Insect Profiles: Boxwood Leafminer (Monarthropalpus flavus)


Boxwood leafminer (Monarthropalpus flavus) is a small midge that feeds on the leaves of boxwood. It is considered the most serious pest of boxwood. During its larval stage, boxwood leafminer feeds on the upper and lower portions of the plant’s leaves, causing significant blistering and discoloration.

Distribution & Habitat

Boxwood leafminer is indigenous to Europe. It was inadvertently introduced to the United States, where it has since become widely distributed. Boxwood leafminer may now be found across the entire United States.


Boxwood leafminer consumes the leaves of American boxwood, littleleaf boxwood, and common boxwood. It may also be found on English and Japanese boxwood, albeit with less frequency. The slower growing English varieties exhibit greater resistance to the insect than the American varieties.

Description & Life Cycle

Boxwood leafminer produces one generation each year. Adult females use their ovipositor to insert eggs into the upper surfaces of leaves. The eggs hatch within 14 to 21 days, revealing masses of larvae in the form of maggots. The larvae are white, and measure up to 1/8 of an inch in length. Upon emerging, the larvae feed throughout the summer, growing all the while. As they mature, the larvae turn bright yellow. Several larvae may develop within the same leaf. The persistent feeding of the larvae induces the formation of blisters on the lower leaf surface. As temperatures cool, the larvae cease feeding and overwinter in the blisters. In early spring, as the temperatures increase, they become active, and commence feeding between the upper and lower leaves. Over time, the blisters form a thin, translucent spot called a window, which the larvae use to develop into orange pupae. Once mature, the pupae wriggle through the window, and cling to the underside of the leaf. Adult gall midges shed the pupal skin shortly thereafter. Adults are yellow to orange-red gall midges that resemble mosquitoes. Adults are approximately 0.1 inches long. The adults swarm around boxwoods in spring. As leaf expansion begins, the adults mate, and the females lay their eggs.

Effects on Trees

The larvae feed between the upper and lower parts of boxwood leaves. This causes blisters to form on the underside of the leaves. Blistering may not become apparent until late summer. Leaves infested by boxwood leafminer are often stunted, appearing smaller, and dropping prematurely. Yellow or brown splotches form on infested leaves. When boxwoods are severely infested, the leaves will become laden with blisters. Heavy infestation can result in significant defoliation, and tree mortality.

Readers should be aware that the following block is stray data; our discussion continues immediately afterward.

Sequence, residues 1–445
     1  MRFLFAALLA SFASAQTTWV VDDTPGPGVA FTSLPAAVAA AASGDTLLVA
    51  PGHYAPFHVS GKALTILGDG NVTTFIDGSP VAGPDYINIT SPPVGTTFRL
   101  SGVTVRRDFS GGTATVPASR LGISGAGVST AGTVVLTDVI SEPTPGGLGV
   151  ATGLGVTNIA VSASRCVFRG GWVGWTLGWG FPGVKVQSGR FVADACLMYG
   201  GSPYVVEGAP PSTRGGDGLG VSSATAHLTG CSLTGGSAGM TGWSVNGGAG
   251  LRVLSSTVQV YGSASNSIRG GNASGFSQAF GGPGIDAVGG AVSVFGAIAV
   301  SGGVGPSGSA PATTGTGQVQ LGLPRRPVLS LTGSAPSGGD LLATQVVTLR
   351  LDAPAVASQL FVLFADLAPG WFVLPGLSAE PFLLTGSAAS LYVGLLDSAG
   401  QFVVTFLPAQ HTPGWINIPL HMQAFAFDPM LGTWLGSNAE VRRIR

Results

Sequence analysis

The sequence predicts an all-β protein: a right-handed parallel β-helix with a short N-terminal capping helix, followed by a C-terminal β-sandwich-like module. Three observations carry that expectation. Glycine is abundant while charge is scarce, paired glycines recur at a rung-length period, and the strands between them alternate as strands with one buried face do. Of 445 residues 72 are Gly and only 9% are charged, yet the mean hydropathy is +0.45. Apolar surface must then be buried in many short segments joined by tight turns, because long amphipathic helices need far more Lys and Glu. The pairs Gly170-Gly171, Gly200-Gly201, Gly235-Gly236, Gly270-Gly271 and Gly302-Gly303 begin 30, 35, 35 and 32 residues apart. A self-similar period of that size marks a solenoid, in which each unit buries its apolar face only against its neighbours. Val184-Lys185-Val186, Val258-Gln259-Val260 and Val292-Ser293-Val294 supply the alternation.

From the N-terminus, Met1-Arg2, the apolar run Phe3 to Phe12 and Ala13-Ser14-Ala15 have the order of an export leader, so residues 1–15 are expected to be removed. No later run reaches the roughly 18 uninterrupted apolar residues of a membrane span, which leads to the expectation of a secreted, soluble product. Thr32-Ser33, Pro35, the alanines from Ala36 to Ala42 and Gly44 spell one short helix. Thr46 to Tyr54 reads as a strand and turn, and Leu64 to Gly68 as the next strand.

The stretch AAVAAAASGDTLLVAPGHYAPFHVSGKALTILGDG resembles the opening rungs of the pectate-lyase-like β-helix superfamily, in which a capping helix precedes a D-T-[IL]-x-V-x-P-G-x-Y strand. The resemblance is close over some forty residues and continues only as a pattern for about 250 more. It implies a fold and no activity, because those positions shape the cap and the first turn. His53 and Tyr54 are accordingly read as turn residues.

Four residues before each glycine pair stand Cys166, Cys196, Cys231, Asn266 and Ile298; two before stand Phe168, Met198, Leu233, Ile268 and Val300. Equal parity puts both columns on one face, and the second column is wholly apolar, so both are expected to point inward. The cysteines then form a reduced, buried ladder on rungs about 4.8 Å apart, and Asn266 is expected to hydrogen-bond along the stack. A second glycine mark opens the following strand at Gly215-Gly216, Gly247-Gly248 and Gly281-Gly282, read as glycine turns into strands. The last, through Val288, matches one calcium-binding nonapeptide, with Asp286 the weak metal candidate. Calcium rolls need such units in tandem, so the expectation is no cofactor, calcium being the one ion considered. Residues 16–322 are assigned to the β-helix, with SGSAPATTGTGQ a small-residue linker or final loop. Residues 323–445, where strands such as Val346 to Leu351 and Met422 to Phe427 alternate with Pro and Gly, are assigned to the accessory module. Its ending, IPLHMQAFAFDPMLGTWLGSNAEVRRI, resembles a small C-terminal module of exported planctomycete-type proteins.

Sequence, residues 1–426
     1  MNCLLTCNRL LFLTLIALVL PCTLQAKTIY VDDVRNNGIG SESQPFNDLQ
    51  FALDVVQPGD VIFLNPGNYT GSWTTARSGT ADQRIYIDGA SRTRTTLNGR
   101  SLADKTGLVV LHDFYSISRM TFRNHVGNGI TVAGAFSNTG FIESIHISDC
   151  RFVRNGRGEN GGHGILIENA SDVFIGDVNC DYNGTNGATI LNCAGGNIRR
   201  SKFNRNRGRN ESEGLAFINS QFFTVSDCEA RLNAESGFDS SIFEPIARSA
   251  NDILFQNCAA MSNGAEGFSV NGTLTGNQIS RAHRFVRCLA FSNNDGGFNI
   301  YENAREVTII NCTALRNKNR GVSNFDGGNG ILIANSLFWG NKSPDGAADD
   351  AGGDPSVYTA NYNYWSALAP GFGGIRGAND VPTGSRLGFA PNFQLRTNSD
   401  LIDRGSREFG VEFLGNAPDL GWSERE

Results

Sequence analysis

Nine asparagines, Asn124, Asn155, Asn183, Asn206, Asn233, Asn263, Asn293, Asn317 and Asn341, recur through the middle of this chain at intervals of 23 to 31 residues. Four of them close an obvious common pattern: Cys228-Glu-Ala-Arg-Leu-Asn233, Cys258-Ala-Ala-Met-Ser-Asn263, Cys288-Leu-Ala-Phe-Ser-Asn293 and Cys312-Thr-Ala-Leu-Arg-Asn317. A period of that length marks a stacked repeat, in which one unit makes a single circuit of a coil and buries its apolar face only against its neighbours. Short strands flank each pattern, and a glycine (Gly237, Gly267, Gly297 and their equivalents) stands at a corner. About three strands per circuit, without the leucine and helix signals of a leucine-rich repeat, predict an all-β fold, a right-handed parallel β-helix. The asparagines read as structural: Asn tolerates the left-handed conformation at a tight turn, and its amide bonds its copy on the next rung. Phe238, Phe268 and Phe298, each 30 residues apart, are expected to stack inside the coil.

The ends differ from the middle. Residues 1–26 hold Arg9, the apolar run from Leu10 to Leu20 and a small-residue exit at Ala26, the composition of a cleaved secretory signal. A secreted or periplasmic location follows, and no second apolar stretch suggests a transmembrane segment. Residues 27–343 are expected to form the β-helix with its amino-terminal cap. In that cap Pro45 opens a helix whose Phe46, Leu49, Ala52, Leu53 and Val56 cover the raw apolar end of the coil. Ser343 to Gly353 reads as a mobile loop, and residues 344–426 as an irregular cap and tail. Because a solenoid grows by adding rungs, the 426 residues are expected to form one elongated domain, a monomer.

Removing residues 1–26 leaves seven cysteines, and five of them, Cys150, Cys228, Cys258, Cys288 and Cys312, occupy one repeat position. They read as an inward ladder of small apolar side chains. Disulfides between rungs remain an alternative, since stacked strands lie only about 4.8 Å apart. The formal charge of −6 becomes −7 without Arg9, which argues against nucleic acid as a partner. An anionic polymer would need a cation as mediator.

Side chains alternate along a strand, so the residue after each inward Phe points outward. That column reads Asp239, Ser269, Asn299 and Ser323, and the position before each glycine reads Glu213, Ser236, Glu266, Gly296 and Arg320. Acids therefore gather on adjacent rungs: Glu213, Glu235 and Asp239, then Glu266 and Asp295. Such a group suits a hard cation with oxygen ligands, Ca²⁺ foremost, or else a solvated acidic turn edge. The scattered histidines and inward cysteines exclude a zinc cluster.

• When planting, consider selecting resistant cultivars. Cultivars of English boxwood, such as Buxus sempervirens ‘Pendula’, ‘Suffruticosa’, ‘Handworthiensis’, ‘Pyramidalis’, ‘Argenteo-varigata’, and ‘Varder Valley’ exhibit an increased resistance to the insect.
  • Maintain plant vigor through sound cultural practices. Ensure plants are sufficiently watered, especially during extended periods of drought. Apply a layer of organic mulch around susceptible plants to improve soil quality, moderate soil temperature, and retain soil moisture.
  • Encourage the development of natural predators such as green lacewings, and spiders. This will limit the density of boxwood leafminer populations.
  • Prune boxwoods before adults emerge, or just after the adults lay their eggs in May. This will help reduce leafminer populations.
  • Rake and dispose of fallen leaves to reduce the potential for leafminer outbreaks.
  • Insecticide applications can be administered to control leafminer populations. Begin treatment in mid-April to early May, when the adult flies can be observed hovering around boxwoods. Perform a second application in mid summer.
  • Foliar systemic insecticides are effective when leafminers are present in the leaf blisters.
  • Soil applications of dinotefuran or imidacloprid are effective at controlling leafminers. Dinotefuran is diffused more rapidly into the soil, allowing for faster control.

Photo courtesy of Missouri Botanical Garden.